Anyone who knows me knows that I will accept most new technologies, especially everything that makes my life simpler. I use “smartphones” for most of my daily communication. I want to convey information quickly by SMS or email. I also spend a lot of time on my computer. Whether it’s research, blogging, e-commerce, shopping, or browsing, you spend more time a day than you want to admit in front of the screen. Other equipment I use every day includes an all-in-one espresso machine with a built-in grinding machine, an Apple box for watching Netflix, and a digital cable box for TVs. I load all my old CDs into my computer and listen to most of the music for convenience.
Sometimes I draw pictures of people who like modern convenience, but it’s actually a contrasting image. My favorite car is the 1971 Volkswagen pickup. There is no better way to listen to music than vinyl. This weekend reminded me of the fragility and frustration of modern equipment.
The kids wanted to watch a movie last night, but the DVD was always scratched and gave up, so now I’m downloading and renting all the movies. I paid $ 6.00 for an HD download, but it jumped so badly that I could swear it was a DVD (and I did it many times). Then I download another movie that the kids are looking forward to seeing. Of course, I didn’t have the option to rent, so I had to buy it for $ 20.00. Visit:- https://cars-scanner.jp/
I had a buffering problem when I put it in my credit card. ARGHHHHHH! It made me think that the kids had never been to a video store and rented a movie. I remember the day my parents paid Betamax a monthly salary. We went to town once a week and borrowed with a selection of 50 titles. Mom makes popcorn and checks out the latest bands. After the collapse of Betamax, I switched to VHS. I can hardly remember that the tires didn’t move. The only “disadvantage” was that you had to rewind the tire before returning, or you had to pay a fine if you didn’t.
Switching from VHS to DVD or BluRay did not improve performance or reliability. Sure, the image was sharper and I didn’t have to go back, but the DVD player was never held and the DVD was always scratched, as mentioned above. I think we had at least 7 or 8 DVD players, and they eventually died. There are still VHS players over 20 years old, but they still work like charm.
When it comes to digital music, I like the convenience of endless playlists, but I hate the way it takes a month each month to find a way to download the latest software for iTunes. .. I worked! If I, that is, when my computer dies again, I will naturally have no music until I buy a new computer. Speaking of computers, why do they last only about three years now? If you weren’t connected to the internet, I think it would have lasted longer. Most of my computers seem to die in a couple of years due to overtime.
Computers are full of software, malware, spyware, antispyware, viruses and antivirus software, so if you try to do something as simple as formatting a document with a word processor program, you will finally give up. I still remember the Commodore Vic20. It was dumped in the trash (long before I was worried about recycling) probably because I was tired of playing lemonade stands and other games installed on my machine. Currently, I have six computers at home, all connected to the Internet. The oldest computer is a heirloom five years ago. Of course he dies. I spend hours every month working just to play Club Penguin for my very patient daughter.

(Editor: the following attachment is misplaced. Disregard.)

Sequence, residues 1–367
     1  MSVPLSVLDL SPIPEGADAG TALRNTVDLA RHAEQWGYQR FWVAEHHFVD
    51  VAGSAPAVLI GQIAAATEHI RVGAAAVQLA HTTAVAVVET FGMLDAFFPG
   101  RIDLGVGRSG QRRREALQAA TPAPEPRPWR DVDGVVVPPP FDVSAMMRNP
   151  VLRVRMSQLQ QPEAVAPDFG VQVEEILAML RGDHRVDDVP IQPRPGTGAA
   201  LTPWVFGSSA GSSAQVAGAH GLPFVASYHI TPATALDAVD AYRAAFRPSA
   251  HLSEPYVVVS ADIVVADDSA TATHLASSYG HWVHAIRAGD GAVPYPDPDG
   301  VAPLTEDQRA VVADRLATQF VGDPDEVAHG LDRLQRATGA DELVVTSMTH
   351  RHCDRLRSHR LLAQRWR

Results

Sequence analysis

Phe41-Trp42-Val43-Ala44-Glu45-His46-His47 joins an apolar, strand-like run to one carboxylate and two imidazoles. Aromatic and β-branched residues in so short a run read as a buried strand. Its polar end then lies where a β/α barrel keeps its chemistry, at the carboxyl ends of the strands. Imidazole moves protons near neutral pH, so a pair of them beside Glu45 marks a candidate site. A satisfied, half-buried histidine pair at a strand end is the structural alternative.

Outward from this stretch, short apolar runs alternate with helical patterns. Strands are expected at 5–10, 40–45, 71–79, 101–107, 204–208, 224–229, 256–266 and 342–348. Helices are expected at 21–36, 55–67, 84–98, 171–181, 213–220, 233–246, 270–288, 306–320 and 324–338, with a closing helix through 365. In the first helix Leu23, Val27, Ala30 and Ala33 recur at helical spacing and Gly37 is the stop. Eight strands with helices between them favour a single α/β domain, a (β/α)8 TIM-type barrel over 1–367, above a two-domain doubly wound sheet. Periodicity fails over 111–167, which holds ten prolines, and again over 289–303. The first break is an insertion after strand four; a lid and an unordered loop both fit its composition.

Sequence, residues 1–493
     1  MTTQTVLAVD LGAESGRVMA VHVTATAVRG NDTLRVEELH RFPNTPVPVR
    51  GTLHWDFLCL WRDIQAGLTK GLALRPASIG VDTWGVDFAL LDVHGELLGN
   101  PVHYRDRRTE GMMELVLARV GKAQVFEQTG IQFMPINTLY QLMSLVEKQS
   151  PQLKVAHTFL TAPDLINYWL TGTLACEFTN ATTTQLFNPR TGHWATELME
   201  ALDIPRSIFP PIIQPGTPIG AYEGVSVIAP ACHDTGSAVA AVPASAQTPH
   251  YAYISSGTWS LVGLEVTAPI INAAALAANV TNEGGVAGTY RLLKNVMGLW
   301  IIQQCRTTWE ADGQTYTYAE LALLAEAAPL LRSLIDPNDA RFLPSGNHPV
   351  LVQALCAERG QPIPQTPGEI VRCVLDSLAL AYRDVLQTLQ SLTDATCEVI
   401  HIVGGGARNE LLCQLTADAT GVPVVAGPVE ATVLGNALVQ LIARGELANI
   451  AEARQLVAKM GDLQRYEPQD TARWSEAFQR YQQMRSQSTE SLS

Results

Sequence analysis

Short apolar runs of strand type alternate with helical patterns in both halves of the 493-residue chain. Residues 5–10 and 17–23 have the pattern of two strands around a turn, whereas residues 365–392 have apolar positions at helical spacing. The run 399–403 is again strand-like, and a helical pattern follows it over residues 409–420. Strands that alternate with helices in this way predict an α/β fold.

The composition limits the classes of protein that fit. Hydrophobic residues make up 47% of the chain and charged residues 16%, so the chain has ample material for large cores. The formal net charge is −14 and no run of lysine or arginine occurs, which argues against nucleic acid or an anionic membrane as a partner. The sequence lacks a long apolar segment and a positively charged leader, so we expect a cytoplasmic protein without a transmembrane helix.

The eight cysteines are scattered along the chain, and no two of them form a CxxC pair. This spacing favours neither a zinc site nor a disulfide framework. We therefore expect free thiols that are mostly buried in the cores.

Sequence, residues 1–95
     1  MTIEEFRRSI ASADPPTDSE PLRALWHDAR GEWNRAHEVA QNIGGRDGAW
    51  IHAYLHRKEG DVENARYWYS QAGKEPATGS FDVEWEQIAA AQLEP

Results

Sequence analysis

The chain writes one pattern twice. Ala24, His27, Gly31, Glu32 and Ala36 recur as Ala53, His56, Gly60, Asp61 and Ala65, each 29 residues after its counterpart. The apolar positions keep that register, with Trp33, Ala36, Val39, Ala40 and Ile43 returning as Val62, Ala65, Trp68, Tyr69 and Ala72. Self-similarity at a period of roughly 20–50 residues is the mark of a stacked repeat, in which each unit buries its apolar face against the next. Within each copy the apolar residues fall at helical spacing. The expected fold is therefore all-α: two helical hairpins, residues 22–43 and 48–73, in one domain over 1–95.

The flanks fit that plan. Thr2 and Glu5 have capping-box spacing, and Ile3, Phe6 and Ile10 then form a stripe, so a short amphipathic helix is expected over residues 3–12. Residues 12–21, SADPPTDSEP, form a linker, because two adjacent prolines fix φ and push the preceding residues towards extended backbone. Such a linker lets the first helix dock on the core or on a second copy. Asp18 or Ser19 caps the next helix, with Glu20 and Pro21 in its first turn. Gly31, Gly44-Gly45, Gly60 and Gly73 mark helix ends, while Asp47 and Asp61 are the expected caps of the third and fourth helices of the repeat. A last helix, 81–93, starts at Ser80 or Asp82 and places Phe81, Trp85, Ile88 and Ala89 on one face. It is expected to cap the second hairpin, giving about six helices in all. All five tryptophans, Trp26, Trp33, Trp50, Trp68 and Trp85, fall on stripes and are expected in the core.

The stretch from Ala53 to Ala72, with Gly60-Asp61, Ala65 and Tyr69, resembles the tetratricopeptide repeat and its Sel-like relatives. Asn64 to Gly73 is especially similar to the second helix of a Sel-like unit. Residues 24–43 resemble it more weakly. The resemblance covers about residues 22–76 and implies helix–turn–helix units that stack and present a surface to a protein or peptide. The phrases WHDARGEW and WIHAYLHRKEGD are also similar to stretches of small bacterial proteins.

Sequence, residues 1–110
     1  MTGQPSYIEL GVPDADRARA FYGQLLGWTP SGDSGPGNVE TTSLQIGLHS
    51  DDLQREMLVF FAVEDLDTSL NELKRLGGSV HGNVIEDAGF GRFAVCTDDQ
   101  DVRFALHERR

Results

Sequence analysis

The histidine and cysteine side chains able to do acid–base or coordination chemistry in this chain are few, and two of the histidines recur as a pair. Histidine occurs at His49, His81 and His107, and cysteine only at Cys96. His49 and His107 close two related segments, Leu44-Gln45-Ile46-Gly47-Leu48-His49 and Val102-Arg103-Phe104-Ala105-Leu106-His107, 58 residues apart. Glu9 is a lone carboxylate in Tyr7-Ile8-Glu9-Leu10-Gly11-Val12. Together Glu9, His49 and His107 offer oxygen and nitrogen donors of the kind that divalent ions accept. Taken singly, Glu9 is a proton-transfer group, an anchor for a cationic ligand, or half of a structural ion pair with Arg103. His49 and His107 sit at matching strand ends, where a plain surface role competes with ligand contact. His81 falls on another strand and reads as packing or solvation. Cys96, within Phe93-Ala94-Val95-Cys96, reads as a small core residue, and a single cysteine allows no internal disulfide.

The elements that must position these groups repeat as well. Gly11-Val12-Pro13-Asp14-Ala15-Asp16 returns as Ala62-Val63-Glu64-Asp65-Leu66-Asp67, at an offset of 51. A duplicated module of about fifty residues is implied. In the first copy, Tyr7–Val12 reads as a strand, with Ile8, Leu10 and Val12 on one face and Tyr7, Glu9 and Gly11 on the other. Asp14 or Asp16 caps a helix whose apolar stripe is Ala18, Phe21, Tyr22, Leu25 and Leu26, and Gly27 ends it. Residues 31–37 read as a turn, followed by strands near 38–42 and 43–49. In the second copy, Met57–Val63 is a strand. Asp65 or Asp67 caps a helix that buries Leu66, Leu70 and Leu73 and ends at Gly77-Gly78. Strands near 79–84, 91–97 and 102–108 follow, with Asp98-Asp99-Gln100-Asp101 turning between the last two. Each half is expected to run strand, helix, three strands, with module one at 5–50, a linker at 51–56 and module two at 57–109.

I still take days to throw it away … I mean it recycles responsibly. I wasted hours cleaning my computer from a mass infection.
Almost every night I sit by the fire (of course fake fire) and listen to old jazz records. There can be annoying scratches on the disc, but compared to iTunes, rearranging the music so that your computer is exposed to another virus is hardly a noticeable inconvenience. In other words, you won’t be able to listen to music unless the problem is resolved. Turntables rarely stop functioning. This is the simplest technique. Rubber bands on several different wheels powered by a small electric motor. When I was a kid, my parents still had the same record player. The white noise of the vinyl needles is a practice for my brain melody, so I enjoy being able to pay more attention when listening to records. The fact that I have to get up and turn over every 5 or 6 songs doesn’t matter to me. Help avoid multitasking.
My coffee pot … oh, the time I wasted to get things right! The only reason I don’t throw it away is that my partner is always looking at me around the machine. I know I’ll erase things someday if I don’t see them! That seemed like a good idea-put a grinder in your coffee machine. The only problem is that if you get stuck in the grinder, you can’t make coffee and you’re stuck. Now I’ve learned how to disassemble and separate animals, but it’s not an easy task. It is estimated that about 20 hours were wasted repairing or shipping the machine for repair. Do you know what I do when I get stuck? Unleashed in a series of well-practiced evil words, when calm down I go to the basement and get an old coffee maker! It’s 15 years old, costs $ 20 and always works. A stylish espresso machine with a built-in Swiss grinder cost over $ 2000.00 and took years to drink coffee with excess cortisol. Before we became a small Swiss coffee machine, we experienced four espresso machines, but eventually died in too many jobs. Why do I stick to these things? Are they really more convenient? Yes, coffee tastes better, but not when mixed with stress hormone cocktails.